New Canadian Media

Experts Question Reporting on San Bernardino Attack

Written by  New Canadian Media Wednesday, 16 December 2015 18:49
The vehicle belonging to suspects involved in the 2015 San Bernardino, California shooting.
The vehicle belonging to suspects involved in the 2015 San Bernardino, California shooting. Photo Credit: San Bernardino County Sheriff's Department via Wikimedia CC

by Eddie Ameh in Ottawa 

Security and media experts are questioning the decision of police to grant journalists access to the personal belongings of the San Bernardino shooters. 

Syed Farook and Tashfeen Malik, a married couple, opened fire at a staff holiday party at the Inland Regional Center in San Bernardino, California killing 14 people and injuring 21 others. Authorities later said the attacks were terrorist related. 

A few days later, reporters had access to the couple’s apartment and personal items such as photographs, passports, ID cards and social security cards. Identity cards of family members who were not linked to the attacks were also shown on live television. 

Police to blame? 

“I don’t understand why the place was not secured better and all that material taken away as potential evidence,” says Dane Rowlands, a security expert and the head of Carleton University’s Norman Paterson School of International Affairs. 

“This was inappropriate for the authorities to have allowed to happen.”

Rowlands says whether there was evidence or not, that was a crime scene and those items should have been taken away and not made available to journalists. 

“This was inappropriate for the authorities to have allowed to happen,” he says. “I can’t imagine any motivation to have allowed them to do so except having made a mistake on this.” 

MSNBC, one for the television outlets that showed a live feed from the apartment, said it was cleared by the FBI, but the LA Times also reported the San Bernardino police saying the apartment was still an active crime scene.  

Reporters said the landlord, Doyle Miller, allowed them in, but he told CBS he was rushed. He later clarified the reporters were given permission to enter.  

Journalists took advantage 

Paul Adams, a journalism professor at Carleton University, says the journalists benefitted from the police officers’ inability to protect a crime scene. 

“The issue of going into the apartment has to do more with the police maintaining a crime scene than it is to do with any journalistic ethics,” Adams says. “If you have access, it’s part of the story and I think it’s appropriate to tell that story.”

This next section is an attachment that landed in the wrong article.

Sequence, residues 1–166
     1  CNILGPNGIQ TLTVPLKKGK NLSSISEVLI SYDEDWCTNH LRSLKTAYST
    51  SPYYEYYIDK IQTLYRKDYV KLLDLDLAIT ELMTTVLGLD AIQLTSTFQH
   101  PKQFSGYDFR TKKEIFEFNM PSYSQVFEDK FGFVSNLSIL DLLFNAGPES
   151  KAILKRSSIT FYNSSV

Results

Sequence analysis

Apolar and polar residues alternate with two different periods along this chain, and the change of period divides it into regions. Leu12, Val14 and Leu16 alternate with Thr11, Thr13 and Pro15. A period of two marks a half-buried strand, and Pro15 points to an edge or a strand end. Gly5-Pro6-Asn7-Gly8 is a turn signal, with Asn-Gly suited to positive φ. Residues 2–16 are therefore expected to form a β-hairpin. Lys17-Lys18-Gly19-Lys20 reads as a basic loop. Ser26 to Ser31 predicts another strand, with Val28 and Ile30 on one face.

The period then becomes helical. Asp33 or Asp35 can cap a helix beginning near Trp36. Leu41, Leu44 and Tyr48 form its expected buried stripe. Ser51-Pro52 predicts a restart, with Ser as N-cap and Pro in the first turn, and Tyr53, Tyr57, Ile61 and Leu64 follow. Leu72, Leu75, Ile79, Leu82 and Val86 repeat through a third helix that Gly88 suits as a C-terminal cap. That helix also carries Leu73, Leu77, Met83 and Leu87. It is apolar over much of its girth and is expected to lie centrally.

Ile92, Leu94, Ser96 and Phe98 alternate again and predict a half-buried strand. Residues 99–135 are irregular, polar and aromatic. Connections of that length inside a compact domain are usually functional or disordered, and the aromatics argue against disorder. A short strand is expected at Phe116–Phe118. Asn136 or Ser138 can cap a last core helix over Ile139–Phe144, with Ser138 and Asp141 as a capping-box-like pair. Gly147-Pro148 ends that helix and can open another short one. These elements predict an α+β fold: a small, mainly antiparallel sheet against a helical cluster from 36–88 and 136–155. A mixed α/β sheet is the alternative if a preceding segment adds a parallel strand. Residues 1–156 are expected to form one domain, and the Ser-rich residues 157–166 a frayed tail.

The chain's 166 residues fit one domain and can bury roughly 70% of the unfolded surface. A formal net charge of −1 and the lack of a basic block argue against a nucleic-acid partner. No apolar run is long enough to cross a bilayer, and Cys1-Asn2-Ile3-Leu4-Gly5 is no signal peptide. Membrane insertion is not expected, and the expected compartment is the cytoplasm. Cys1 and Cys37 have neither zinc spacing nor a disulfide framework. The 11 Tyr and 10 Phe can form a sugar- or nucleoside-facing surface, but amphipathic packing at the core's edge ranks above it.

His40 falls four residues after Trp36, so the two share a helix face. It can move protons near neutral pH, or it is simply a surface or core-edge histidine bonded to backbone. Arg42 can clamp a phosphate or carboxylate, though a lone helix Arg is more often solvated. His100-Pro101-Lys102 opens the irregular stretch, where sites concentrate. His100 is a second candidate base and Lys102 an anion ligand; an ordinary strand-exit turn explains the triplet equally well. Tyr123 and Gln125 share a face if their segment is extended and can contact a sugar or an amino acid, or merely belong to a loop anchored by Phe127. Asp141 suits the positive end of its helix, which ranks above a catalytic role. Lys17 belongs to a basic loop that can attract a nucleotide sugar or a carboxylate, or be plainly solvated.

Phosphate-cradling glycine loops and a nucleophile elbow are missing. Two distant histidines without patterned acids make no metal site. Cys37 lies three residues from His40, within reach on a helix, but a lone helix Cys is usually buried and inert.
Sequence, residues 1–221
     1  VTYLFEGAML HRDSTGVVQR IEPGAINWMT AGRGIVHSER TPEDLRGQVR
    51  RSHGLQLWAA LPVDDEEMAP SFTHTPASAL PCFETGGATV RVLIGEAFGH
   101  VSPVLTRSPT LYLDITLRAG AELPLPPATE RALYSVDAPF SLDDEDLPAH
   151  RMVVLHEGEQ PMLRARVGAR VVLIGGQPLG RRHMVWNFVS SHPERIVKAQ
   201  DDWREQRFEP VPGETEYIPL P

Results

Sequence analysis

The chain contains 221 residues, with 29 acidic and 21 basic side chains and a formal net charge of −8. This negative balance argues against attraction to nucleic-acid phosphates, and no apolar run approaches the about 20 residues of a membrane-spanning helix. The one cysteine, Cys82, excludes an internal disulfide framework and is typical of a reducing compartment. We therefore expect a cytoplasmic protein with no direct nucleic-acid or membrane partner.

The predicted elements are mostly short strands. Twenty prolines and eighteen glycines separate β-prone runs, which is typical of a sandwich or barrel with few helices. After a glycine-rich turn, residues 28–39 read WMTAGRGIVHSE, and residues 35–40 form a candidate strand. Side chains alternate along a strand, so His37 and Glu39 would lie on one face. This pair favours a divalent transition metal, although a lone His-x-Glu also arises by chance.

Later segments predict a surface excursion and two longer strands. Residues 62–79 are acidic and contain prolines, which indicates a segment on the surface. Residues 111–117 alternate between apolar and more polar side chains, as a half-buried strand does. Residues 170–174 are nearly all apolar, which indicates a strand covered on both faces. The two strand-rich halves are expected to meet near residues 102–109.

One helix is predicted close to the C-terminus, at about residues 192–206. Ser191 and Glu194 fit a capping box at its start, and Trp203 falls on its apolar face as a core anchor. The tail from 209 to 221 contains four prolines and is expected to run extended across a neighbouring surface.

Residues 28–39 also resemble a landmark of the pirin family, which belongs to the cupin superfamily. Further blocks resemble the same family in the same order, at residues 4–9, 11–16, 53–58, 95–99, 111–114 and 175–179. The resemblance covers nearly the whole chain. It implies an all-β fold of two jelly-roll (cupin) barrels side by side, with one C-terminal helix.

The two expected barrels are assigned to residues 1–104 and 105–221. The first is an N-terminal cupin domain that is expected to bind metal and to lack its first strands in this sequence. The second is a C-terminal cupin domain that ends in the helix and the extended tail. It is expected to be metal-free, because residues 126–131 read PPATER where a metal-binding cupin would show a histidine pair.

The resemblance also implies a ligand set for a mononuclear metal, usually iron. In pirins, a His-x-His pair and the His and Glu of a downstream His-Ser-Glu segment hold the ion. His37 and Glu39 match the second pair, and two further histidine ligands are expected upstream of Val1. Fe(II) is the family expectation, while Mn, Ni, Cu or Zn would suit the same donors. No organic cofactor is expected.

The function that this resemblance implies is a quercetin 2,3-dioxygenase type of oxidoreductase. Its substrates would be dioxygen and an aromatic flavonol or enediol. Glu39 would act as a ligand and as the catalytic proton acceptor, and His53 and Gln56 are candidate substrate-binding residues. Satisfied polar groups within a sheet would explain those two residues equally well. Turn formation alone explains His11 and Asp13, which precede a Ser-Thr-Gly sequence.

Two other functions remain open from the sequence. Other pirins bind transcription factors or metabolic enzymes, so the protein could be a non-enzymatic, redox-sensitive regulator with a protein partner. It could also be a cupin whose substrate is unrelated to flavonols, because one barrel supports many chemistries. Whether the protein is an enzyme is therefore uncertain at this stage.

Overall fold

“I believe the journalists were well within their rights to show whatever information was available."

Concerns have been raised about the ethics in showing details of personal information of family members who were not linked to the shooting at all. 

For example, MSNBC showed close up shots of personal identity cards belonging to Farook’s mother. 

Canadian media expert and head of strategic communications at Earnscliffe Strategy Group in Ottawa, Elly Alboim, says showing details of personal information of others, especially those who are not directly linked to the attacks, infringes on their personal rights. 

“It’s a clear violation of privacy and not appropriate,” he says. 

Alboim adds journalists should know better, but that they get carried away by the heat of the moment to publish everything they have access to. 

Sandy Johnson, president of the American-based National Press Foundation, says journalists are within their right to show and give any details they want to give out.  

“I believe the journalists were well within their rights to show whatever information was available, whether it was from this particular apartment or whether it was from the scene of the shooting,” she says. 

Advice for media 

However, Johnson notes, the prevalence of reporting through social media can put pressure on journalists to share information without going through normal editing processes. 

“The tendency to jump [to] conclusions that every attack is a terrorist attack is problematic."

“I believe publishing information should go through an editing level because an editor can have influence and walk the reporter through the process,” she says. “That’s an age old tradition.” 

Rowlands says despite the probability of terrorism being quite low compared to other risks, the threat of it is overplayed in the media. This leads to a public reaction that does not reflect the risk. 

He cautions journalists to be wary of how they report such issues. 

“The tendency to jump [to] conclusions that every attack is a terrorist attack is problematic in terms of potential deflection of the public debate towards issues that are overplayed already,” he says. “This is something responsible journalists should be paying attention to.”

This content was developed exclusively for New Canadian Media and can be re-published with appropriate attribution. For syndication rights, please write to publisher@newcanadianmedia.ca

 

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